Despite the achievements made in every sector, women still face challenges in finding space in the political landscape.
75 years after Independence, Parliament lacks substantial representation from half the population, with women holding just 14% of the seats.
It is time to acknowledge the systematic exclusion of women from politics and demand action to create a more equitable political landscape.
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What is Women’s Reservation Bill?
The Women’s Reservation Bill proposes to reserve 33% of seats in the Lok Sabha and State Legislative Assemblies for women.
Reserved seats may be allocated by rotation to different constituencies in the states or union territories. Reservation shall cease to exist 15 years after the commencement of this Amendment Act. It was first introduced in the Lok Sabha as the 81st Amendment Bill in September 1996.
The House did not approve the Bill and referred it to a joint parliamentary committee.
The committee submitted its report to the Lok Sabha in December 1996. However, with the dissolution of the Lok Sabha, the Bill lapsed.
In 1998, the Atal Bihari Vajpayee-led National Democratic Alliance (NDA) government reintroduced the Bill in the 12th Lok Sabha.
The Bill failed to get support and lapsed again. The Bill was reintroduced in 1999, 2002 and 2003.
In 2008, the United Progressive Alliance government led by Manmohan Singh tabled the Bill in the Rajya Sabha, and it passed with 186-1 votes on March 9, 2010.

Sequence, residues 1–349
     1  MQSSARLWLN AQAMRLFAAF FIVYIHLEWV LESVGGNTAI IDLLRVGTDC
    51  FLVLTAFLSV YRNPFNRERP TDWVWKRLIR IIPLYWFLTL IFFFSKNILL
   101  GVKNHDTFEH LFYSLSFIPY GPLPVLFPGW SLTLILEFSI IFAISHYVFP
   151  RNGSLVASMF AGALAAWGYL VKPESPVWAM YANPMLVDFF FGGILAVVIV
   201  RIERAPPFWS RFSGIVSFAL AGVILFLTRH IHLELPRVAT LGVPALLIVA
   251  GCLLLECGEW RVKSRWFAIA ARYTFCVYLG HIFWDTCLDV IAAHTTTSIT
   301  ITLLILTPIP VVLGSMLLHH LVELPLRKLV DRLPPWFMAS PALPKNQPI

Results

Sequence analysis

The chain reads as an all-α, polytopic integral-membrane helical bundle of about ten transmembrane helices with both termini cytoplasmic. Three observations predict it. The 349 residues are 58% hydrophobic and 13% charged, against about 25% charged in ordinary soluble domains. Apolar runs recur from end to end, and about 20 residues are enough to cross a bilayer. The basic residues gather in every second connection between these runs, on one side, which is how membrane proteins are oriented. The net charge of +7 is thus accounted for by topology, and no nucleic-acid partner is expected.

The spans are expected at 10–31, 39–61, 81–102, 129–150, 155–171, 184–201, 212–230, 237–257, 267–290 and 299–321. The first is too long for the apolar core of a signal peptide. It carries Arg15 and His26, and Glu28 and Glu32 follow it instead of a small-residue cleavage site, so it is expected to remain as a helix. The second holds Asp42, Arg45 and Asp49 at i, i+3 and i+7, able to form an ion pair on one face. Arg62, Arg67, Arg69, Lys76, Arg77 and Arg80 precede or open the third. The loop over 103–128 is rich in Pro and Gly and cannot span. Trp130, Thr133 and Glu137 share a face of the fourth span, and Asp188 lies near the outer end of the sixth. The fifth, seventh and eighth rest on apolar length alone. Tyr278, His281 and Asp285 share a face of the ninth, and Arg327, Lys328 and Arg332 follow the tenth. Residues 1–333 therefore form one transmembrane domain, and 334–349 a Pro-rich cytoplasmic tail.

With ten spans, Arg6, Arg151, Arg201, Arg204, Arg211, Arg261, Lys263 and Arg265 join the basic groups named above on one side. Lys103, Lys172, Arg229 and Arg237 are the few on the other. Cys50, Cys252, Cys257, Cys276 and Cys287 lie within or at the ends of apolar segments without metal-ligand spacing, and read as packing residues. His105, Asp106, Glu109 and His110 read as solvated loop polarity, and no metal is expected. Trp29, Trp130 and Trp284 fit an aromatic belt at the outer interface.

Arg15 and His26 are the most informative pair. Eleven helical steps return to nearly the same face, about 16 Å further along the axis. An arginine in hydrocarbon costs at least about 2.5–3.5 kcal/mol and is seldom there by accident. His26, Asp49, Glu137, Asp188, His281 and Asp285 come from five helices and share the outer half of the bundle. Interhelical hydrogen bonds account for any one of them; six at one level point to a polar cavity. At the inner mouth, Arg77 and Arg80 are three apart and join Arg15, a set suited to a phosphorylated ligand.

However, the Lok Sabha never took up the Bill for consideration, and it lapsed with the dissolution of the 15th Lok Sabha.
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Three fundamental and non-negotiable principles form the basis of women’s political empowerment.
The equality between female and male. Women’s right to a full development of their potential. Women’s right to self representation and self-determination.
There is a gender gap in political decision-making, and women leaders need to come out more in numbers to impact position decisions and inspire teenage girls to contribute to nation-building.
Moreover, critics argue that implementing such a policy would perpetuate the unequal status of women and that the complexity of its implementation is a concern. This is because they would be attributed with the perception of not competing on merit.
Furthermore, some contend that this policy is diverting attention from the larger issues of electoral reform, such as the criminalization of politics and the lack of inner-party democracy. It limits the choice of voters to women candidates.
Rotation of reserved constituencies in every election may reduce the incentive for an MP to work for his constituency as he may be ineligible to seek re-election from that constituency.
In addition, some experts have suggested the adoption or promotion of alternative methods. These methods include reservation in political parties and the establishment of dual member constituencies.
According to Babasaheb Ambedkar’s opinion, one can measure the progress of a community by the degree of progress achieved by women. However, it is clear that we still have a long way to go before reaching this benchmark.
The Women’s reservation bill cannot wait any longer,The Women’s reservation bill cannot wait any longer